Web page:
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Thread: Ongoing NC GOP debacle thread

  1. #341
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    PhDeac's Avatar
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    Well said. This is a shot at colleges of education and graduate education.

  2. #342
    I agree that there is an overarching theme of wrecking public ed in favor of private and especially religious schools. That doesn't mean that this isn't a good reform. Spend the money on incentive pay and performance based bonuses. I don't think a masters in education does anything to improve classroom teaching.it might make better administrators but we've got no effing shortage of those.

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  3. #343
    You guys are making the national news these days, a good run down of the laundry list of fun happening in the state.

    http://www.cnn.com/2013/05/29/opinio...html?hpt=hp_t4

  4. #344
    State Senator Thom Goolsby

    "Raleigh, NC - The circus came to the State Capitol this week, complete with clowns, a carnival barker and a sideshow. The “Reverend” Barber was decked out like a prelate of the Church of Rome (no insult is meant to Catholics), complete with stole and cassock. All he was missing was a miter and the ensemble would have been complete.

    Several hundred people – mostly white, angry, aged former hippies – appeared and screeched into microphones, talked about solidarity and chanted diatribes. It was “liberal theater” at its best. Just like having a honey bun and double espresso for breakfast, the impact of it all left the participants jittery and empty in the end.

    Never short on audacity, the Loony Left actually named their gathering “Moral Monday.” Between the screaming, foot stomping and disjointed speeches, it appeared more like “Moron Monday.” The gathering was supposed to influence legislators. However, no one thought to bring out any senate or house member from either party."

    http://www.chathamjournal.com/weekly...t-130607.shtml

  5. #345
    Lesson here in NC must be if you dont get your way just bitch, moan, complain and protest each week and get arrested

    dont these people have jobs? (wait, nevermind)

  6. #346
    Quote Originally Posted by towelie99 View Post
    Lesson here in NC must be if you dont get your way just bitch, moan, complain and protest each week and get arrested

    dont these people have jobs? (wait, nevermind)
    lol. Good job aligning yourself with Reff. Whenever you find yourself doing that, you should probably re-evaluate your life.

  7. #347

  8. #348
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    It's a shame the NC protest didn't start 60-90 days ago. They may have had an impact on the Voting Rights Act case in front of the Supreme Court.

  9. #349
    Tricia Cotham
    Breaking News Moms- you can now take your gun to the playground. This was just passed in the NC Senate. Pack that diaper bag, sippy cup and your gun. Oh and others can bring their guns too.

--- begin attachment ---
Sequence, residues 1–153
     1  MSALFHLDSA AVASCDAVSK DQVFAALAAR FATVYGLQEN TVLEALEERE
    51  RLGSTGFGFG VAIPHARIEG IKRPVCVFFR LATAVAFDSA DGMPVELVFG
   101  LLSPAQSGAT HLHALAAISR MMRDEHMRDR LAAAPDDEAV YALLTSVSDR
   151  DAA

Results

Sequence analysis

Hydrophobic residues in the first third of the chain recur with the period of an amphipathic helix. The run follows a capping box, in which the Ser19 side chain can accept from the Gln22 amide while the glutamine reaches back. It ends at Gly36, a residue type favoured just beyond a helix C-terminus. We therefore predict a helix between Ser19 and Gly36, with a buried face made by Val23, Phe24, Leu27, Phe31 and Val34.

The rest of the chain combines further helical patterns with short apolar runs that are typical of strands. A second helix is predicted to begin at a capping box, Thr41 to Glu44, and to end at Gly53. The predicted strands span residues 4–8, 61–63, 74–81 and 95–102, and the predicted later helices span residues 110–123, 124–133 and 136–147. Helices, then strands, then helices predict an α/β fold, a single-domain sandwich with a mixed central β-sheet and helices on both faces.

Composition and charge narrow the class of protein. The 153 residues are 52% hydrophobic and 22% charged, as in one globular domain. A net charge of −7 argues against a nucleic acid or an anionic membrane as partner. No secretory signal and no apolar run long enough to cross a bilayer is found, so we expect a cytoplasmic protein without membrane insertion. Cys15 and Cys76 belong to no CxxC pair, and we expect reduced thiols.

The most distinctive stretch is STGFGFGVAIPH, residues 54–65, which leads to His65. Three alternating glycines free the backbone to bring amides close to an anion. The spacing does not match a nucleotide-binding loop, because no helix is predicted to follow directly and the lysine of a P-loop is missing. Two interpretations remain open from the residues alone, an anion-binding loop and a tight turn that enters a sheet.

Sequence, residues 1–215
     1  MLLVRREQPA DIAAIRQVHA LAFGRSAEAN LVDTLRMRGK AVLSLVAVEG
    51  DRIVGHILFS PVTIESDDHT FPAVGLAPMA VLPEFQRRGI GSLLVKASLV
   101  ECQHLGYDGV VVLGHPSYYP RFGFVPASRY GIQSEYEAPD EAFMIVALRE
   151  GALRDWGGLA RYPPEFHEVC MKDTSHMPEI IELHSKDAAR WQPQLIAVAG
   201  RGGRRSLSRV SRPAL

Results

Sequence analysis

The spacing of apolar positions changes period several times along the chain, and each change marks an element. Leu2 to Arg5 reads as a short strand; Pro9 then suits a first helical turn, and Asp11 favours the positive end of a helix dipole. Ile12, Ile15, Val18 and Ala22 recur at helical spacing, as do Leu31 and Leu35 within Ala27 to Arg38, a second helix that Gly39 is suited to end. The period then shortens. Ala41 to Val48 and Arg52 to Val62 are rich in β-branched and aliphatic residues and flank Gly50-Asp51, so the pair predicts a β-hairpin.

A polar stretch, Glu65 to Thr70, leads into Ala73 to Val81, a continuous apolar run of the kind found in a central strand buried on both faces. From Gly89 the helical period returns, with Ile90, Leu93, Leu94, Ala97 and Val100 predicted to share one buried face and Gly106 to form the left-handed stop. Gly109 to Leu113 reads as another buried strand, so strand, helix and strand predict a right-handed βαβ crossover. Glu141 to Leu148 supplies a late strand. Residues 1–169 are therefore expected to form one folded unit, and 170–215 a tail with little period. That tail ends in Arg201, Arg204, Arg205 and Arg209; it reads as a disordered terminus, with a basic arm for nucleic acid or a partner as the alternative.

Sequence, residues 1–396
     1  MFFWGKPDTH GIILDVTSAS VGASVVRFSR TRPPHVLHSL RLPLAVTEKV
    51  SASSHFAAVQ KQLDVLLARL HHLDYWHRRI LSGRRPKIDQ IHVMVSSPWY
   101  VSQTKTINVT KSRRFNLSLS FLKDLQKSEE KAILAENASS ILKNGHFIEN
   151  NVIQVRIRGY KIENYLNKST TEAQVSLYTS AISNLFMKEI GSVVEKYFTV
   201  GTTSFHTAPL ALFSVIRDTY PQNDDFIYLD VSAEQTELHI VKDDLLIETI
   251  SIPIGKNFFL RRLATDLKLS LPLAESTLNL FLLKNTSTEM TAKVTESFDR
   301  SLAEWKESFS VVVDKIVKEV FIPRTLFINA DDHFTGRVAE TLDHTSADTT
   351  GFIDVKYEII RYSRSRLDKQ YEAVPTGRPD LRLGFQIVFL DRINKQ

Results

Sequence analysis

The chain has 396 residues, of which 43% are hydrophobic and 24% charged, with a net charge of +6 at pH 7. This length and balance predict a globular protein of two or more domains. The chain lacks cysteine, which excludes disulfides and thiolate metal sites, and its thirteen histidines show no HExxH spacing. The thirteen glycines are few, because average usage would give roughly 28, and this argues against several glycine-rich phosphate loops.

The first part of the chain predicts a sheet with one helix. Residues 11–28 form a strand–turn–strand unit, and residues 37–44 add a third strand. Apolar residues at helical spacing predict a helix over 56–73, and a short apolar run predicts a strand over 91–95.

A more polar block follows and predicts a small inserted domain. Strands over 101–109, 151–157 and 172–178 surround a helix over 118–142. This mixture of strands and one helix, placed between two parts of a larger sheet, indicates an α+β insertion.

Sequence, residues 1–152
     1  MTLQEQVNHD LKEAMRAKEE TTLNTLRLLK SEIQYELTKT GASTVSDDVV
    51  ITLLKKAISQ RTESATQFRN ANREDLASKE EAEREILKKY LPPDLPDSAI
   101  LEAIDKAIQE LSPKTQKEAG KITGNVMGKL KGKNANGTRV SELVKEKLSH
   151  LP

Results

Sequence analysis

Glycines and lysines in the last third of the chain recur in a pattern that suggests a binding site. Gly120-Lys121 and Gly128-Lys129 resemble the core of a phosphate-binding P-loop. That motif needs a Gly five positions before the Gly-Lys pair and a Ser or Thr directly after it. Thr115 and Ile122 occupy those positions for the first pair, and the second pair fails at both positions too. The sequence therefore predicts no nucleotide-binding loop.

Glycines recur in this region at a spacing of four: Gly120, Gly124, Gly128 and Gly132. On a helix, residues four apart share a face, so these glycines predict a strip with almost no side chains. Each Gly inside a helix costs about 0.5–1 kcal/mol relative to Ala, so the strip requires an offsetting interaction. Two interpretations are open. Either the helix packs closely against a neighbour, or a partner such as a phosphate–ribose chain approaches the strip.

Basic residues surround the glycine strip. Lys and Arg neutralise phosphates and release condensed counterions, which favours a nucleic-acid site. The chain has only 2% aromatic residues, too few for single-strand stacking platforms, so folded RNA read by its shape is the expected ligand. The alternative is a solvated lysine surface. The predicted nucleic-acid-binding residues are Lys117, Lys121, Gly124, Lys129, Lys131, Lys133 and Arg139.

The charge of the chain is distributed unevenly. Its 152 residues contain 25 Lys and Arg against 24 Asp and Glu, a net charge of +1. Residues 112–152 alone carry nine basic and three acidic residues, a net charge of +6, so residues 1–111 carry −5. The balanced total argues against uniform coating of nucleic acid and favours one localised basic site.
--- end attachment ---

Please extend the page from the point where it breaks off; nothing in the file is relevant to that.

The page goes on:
10. #350
    Quote Originally Posted by Ball State Deac View Post
    Tricia Cotham
    Breaking News Moms- you can now take your gun to the playground. This was just passed in the NC Senate. Pack that diaper bag, sippy cup and your gun. Oh and others can bring their guns too.
    But for some strange reason, they won't allow guns in the General Assembly.

  11. #351

  12. #352
    Quote Originally Posted by Ball State Deac View Post
    Fall in line, soldier.

  13. #353
    Admire the guy for sticking with his principles. Rare.

  14. #354
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    Quote Originally Posted by Deacon923 View Post
    Admire the guy for sticking with his principles. Rare.
    was thinking about this the other day before he resigned. no matter how much I disagree with his version of tax reform, he stuck to it and wanted no loopholes or exemptions. he definitely predicted the wave of special interests that are dumbing down any legit chance of semi-decent tax reform right now.

  15. #355
    It's an impressive feat to be too far right for this legislature. Ruccho's biggest problem was not necessarily "special interests," (as he referred to the same industries that paid for his campaign) but rather the fact that very few citizens in NC are actually calling for wholesale tax reform of the type contemplated in his bill. It just wasn't popular. His fellow legislators know that, but he wanted them to go along anyway and got mad when they didn't. I admire his principles, but the ability to cooperate and seek compromise is a pretty basic trait for a good politician.

  16. #356
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    Quote Originally Posted by Say Hey Deac View Post
    It's an impressive feat to be too far right for this legislature. Ruccho's biggest problem was not necessarily "special interests," (as he referred to the same industries that paid for his campaign) but rather the fact that very few citizens in NC are actually calling for wholesale tax reform of the type contemplated in his bill. It just wasn't popular. His fellow legislators know that, but he wanted them to go along anyway and got mad when they didn't. I admire his principles, but the ability to cooperate and seek compromise is a pretty basic trait for a good politician.